How to Train
When you’re ready to introduce your child to the potty, those in the know recommend using a potty chair instead of a toilet insert. Because it’s close to the ground, your little one won’t be scared of falling or need help getting on and off, explains Jill M. Lekovic, MD, a board certified pediatrician and author of Diaper Free Before Three. Having both feet securely on the floor also may make it easier for him to push out a bowel movement, Lekovic points out.
Until your child has developed the necessary communication skills and awareness, you won’t be able to count on her telling you when she has to “go.” So for now, have her sit on the potty when she is most likely to urinate or have a bowel movement, such as when she first wakes up, immediately after meals and snacks, or before bed. Try reading books, playing peek-a-boo or giving her a special toy to keep her entertained and sitting in one place. Offer lots of encouragement, but don’t get mad or force her to sit if she doesn’t want to, Wolraich says. Your child will be much more open to trying again if she isn’t feeling railroaded.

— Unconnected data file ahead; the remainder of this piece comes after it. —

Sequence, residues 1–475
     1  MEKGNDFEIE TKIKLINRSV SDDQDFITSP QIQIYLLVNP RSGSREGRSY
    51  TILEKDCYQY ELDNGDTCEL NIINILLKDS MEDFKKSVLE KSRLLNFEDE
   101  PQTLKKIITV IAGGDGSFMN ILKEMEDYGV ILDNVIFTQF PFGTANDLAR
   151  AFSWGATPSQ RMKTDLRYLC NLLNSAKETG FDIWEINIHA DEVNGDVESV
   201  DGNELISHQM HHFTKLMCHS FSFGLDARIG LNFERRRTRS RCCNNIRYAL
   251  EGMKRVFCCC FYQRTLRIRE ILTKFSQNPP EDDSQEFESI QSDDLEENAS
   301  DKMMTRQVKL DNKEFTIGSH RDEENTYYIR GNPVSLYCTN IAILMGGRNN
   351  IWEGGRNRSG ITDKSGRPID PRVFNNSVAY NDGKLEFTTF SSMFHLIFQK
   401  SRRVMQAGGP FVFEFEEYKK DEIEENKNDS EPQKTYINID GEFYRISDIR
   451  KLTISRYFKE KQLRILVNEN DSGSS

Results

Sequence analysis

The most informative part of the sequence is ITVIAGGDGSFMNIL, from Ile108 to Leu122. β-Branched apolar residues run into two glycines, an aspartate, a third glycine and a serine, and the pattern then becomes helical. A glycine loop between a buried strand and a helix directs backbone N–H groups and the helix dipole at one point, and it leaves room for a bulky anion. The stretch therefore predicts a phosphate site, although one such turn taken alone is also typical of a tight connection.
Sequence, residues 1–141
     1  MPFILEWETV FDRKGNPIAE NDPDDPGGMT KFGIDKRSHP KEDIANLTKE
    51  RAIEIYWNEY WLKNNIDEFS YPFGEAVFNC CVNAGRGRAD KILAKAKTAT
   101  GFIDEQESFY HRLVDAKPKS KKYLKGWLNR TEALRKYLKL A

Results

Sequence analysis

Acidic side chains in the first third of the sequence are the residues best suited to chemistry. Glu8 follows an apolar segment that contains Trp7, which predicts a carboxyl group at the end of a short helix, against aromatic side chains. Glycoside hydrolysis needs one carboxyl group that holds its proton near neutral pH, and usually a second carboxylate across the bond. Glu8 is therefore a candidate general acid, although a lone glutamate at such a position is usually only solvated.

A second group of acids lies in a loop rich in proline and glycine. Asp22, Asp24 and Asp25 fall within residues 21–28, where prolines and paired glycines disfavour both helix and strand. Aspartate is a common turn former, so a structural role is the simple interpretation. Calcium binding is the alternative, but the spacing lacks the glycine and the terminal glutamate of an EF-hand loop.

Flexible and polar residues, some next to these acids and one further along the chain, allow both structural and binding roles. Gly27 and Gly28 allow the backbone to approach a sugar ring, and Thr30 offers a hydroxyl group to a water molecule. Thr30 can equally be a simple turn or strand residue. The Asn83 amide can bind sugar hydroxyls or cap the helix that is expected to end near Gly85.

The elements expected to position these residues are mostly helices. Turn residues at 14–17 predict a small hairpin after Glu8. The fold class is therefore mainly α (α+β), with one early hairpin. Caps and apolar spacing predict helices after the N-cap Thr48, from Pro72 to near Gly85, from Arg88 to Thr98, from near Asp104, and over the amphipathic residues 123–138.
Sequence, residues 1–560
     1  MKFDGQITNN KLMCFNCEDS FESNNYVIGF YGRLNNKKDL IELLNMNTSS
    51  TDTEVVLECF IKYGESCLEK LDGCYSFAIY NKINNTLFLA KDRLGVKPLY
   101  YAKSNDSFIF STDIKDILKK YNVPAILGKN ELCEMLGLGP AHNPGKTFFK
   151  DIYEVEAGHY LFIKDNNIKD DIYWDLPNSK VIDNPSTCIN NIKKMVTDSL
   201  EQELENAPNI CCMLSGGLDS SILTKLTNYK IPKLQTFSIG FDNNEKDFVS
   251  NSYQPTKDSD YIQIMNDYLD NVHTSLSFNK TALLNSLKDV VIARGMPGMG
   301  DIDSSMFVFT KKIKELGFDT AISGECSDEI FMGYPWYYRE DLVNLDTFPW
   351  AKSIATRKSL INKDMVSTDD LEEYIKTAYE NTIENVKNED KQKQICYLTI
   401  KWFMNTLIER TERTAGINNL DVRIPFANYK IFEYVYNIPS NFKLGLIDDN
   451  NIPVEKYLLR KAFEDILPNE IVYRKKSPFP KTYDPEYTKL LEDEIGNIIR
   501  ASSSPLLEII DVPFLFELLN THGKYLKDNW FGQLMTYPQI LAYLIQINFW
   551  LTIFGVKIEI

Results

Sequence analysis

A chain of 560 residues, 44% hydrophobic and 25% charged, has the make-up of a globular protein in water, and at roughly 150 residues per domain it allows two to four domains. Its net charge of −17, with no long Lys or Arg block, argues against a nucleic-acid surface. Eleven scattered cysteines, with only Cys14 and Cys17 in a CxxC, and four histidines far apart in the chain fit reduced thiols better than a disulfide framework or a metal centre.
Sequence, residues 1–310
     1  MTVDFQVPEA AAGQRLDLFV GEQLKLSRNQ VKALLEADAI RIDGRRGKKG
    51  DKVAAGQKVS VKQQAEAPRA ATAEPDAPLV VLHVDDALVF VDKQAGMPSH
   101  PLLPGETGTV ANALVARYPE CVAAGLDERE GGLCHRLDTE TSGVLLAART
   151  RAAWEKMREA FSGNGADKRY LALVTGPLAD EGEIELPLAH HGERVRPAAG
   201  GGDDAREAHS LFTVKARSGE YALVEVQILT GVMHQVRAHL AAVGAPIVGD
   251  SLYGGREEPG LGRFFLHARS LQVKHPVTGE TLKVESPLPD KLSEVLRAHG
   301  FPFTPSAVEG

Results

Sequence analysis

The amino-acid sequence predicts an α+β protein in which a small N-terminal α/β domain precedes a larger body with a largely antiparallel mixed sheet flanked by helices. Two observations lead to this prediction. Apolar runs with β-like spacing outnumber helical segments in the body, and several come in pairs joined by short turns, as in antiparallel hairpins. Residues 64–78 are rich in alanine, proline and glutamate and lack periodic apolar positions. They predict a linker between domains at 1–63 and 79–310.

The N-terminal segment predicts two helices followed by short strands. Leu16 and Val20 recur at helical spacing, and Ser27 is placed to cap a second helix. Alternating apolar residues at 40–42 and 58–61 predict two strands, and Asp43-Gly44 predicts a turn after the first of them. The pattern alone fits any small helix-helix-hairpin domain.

To help your little one connect the dots, Lekovic advises switching from diapers to cotton training pants. Since they’re less absorbent, she’ll be more likely to notice when she pees or poops. And if she feels wet and uncomfortable, she’ll have more incentive to use the potty. If you’re worried about ruining your carpet or furniture, try doubling up the undies or use waterproof ones (such as Gerber All-in-One Waterproof Training Pants), which look a little like 1920s bloomers but can be effective at containing pee.
While your wee one may be able to use the toilet with help starting at 18 to 24 months of age, he may not be able to do it independently, without reminders, until much later. And along the way, there are bound to be lots of slip-ups. Accidents are a normal part of the process and it’s best to deal with them matter-of-factly, Lekovic says. If you prepare for them (for example, by carrying extra clothes with you and putting a waterproof cover on your child’s car seat), you’ll be less likely to lose your cool when they happen.
NEXT: HOW TO INSPIRE YOUR TODDLER TO GET-UP-AND-GO